Summer will soon say goodbye to us in Moscow (at least, that is what I think), while the freezing-cold north wind is preparing itself to blow as strong as it can. I start to unpack my coat collections and boots. Hooray! Finally, the dog days of summer are over!
This year was the hottest summer ever during my stay in Russia (I have been living here for about 6 years, more or less). The temperature went up to 34 degrees during the day, and it stayed almost the same even after the sunset, which is quite an anomaly. I could feel the heat burning my back while I was trying to calm my daughter who, at that time, refused to sleep at home. That’s just torture! Last time I felt that kind of scorching sun was when I was in Indonesia about 2 years ago, when the temperature reached its peak in my hometown — 37 degrees. Who am I to grumble then?
Speaking of summer, especially when you are trapped in Russia and cannot go anywhere due to a pandemic situation (or just because it’s too difficult to travel with a newborn baby), I cannot overlook a tradition about how Russians spend their summer time. As usual, everyone has their own ways and preferences, but in general, how do Russians spend their summertime?
- Going abroad
- Exploring neighboring cities
- Staying at home and catching some sun at the nearest river/lake/park
- Going to a dacha
I have skipped options 1 and 2 for this year, and will try a new option to spend the summer. Option number 3 would not be so bad, if we only had plenty of places to catch some sun in our modest town. So, the one and only option left is number 4, which is very Russian.
So, what is a dacha?
According to Wikipedia, which always becomes my one and only source for knowing such things, a dacha is a seasonal or year-round second home, often located in the exurbs of Russian-speaking and other post-Soviet countries. Note especially: «second home». So, if you can’t find your friend or acquaintance at their home, please check their dacha — they might be there instead (if only you know where it is).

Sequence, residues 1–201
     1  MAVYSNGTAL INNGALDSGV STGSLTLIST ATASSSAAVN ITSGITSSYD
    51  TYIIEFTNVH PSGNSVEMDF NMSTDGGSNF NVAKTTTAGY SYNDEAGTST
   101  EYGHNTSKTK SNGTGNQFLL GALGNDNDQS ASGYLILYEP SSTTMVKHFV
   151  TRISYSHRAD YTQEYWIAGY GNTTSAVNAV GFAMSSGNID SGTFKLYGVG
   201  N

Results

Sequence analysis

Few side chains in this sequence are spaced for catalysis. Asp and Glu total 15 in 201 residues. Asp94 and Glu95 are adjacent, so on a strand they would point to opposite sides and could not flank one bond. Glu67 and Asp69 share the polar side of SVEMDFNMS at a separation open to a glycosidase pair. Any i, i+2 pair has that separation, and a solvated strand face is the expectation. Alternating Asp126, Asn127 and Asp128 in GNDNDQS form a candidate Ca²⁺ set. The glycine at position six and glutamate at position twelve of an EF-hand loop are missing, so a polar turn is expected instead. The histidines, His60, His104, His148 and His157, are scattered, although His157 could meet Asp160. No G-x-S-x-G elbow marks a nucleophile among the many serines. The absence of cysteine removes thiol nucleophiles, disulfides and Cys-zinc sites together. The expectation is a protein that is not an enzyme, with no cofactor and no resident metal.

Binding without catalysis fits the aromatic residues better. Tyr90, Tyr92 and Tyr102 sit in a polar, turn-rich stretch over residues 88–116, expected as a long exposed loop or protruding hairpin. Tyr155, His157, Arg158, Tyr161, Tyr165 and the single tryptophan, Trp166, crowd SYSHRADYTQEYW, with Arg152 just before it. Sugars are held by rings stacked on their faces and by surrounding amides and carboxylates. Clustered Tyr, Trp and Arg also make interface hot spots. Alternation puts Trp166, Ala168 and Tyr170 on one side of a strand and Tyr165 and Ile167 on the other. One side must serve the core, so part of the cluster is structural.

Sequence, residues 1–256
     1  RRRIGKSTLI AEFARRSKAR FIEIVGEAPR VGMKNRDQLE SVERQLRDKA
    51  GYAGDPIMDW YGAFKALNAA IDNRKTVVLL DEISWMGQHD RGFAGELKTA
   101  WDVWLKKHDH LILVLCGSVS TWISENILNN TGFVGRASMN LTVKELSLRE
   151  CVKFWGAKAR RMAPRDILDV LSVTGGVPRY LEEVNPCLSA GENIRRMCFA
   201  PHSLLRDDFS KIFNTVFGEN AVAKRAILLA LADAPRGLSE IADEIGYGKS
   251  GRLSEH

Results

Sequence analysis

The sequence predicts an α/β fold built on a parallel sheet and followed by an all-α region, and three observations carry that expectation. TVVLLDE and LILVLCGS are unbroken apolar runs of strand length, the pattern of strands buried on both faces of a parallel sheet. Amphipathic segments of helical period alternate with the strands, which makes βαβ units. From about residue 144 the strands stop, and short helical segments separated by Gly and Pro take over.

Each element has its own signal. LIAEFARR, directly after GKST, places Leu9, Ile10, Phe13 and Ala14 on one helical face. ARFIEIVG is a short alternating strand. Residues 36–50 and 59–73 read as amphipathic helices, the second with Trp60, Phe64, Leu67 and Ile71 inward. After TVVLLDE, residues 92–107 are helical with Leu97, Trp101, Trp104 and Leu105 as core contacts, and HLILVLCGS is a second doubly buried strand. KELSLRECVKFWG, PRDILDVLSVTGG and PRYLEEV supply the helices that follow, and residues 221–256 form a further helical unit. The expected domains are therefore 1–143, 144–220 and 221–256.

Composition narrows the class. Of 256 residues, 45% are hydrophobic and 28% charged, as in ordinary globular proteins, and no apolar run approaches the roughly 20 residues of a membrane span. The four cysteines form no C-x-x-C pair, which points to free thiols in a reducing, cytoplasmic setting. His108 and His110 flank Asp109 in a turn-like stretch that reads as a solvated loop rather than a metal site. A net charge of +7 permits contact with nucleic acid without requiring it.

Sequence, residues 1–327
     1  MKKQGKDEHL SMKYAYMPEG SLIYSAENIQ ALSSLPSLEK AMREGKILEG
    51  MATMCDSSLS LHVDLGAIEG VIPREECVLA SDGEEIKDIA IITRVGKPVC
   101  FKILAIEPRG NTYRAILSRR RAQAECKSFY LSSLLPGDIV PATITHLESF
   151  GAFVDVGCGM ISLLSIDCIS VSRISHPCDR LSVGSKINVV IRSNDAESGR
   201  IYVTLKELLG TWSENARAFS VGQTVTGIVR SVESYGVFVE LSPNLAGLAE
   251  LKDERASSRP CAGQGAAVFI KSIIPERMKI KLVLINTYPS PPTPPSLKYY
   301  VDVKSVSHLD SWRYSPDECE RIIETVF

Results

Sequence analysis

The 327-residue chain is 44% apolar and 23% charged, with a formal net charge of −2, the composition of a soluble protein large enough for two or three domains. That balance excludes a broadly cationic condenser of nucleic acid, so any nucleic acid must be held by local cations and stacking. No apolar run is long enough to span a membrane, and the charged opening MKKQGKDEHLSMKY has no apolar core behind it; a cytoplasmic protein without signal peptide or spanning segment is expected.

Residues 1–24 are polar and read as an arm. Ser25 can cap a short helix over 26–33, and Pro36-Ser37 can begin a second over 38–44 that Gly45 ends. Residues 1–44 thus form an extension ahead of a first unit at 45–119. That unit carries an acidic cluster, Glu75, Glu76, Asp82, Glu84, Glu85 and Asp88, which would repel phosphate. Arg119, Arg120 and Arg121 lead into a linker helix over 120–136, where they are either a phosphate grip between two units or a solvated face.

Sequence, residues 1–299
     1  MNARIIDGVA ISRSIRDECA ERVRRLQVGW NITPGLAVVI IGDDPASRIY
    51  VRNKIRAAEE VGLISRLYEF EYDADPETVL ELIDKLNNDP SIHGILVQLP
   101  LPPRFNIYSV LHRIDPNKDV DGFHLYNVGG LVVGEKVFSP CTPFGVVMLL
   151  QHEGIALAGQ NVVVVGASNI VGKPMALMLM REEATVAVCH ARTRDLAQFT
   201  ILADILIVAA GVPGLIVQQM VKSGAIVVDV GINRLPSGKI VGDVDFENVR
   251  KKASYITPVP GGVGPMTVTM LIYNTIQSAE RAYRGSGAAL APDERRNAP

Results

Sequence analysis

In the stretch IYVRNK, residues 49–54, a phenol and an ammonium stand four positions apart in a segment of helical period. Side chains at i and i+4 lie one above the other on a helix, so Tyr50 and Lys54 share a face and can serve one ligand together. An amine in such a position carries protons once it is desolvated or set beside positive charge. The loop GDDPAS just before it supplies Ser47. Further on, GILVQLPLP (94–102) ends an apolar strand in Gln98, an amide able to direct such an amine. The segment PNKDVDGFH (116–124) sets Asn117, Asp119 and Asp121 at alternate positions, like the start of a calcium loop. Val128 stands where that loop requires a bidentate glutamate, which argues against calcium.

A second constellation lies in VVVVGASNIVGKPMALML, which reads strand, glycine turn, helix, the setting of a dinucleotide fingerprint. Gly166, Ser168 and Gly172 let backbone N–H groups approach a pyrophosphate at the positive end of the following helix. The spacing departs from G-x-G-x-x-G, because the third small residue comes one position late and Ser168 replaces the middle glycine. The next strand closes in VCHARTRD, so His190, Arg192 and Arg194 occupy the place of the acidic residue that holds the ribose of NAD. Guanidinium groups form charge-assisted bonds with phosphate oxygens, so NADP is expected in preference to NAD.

As it is stated above, a dacha is Russians’ second home, which means they can do whatever they do at home in dacha, plus some other additional activities that they cannot do in their first home. For example:
They can grow potatoes or any other things they want in dacha, as the land area is normally huge, much bigger than any apartment you can find in Moscow. And, as a benefit, you can take your crops and cook them as much as you want, saving some of your money for daily shopping.
You can grow not just edible plants, but also flowers. Keep that in mind! Also according to some data I found while Googling about dachas, some criminals just plant poppy seeds in their backyard… hmm…
One of the most famous activities in Dacha besides gardening is having a barbeque (or shashlik in Russia). That is why almost all the Dachanin (people who live in dacha) bring along charcoal and different kinds of meat to barbeque.
When we got bored inside, we spent time outside ambling around the neigborhood. When we got tired of walking, for a few days we preferred to ride bicycles.
Another interesting thing you can do in Dacha is to take a stroll in the small forest. During the summer, Russians like to gather mushrooms and cook them. But, be careful as there are many dangerous plants you can find, such as Krapiva, which causes an allergic reaction or burns your skin after, or some inedible berries that you shouldn’t eat. Don’t forget to use lotion to protect yourself from insects or mosquitoes. There are millions, and won’t mind having a quick lunch.
Tips for being a good dachanin:
- Take everything you need and check before you leave, as normally dachas are in remote places, far from convenience stores (sometimes). It’s better to be prepared than to regret. Staple foods are a must, and one of the staples for a dacha is meat for shashlik.
- If you come in the summer, arm yourself with a thousand kinds of lotion for protecting your skin from insects like mosquitoes, and also medicine in case you get an allergic reaction after being bitten or if you eat something strange and your stomach doesn’t like it.
- Dress down. You won’t need a suit or heels or any other formal or stylish clothes, unless you get an invite to Putin’s dacha.
- Don’t disturb your neighbors by having a party. Dachas are for resting, not for noisy parties.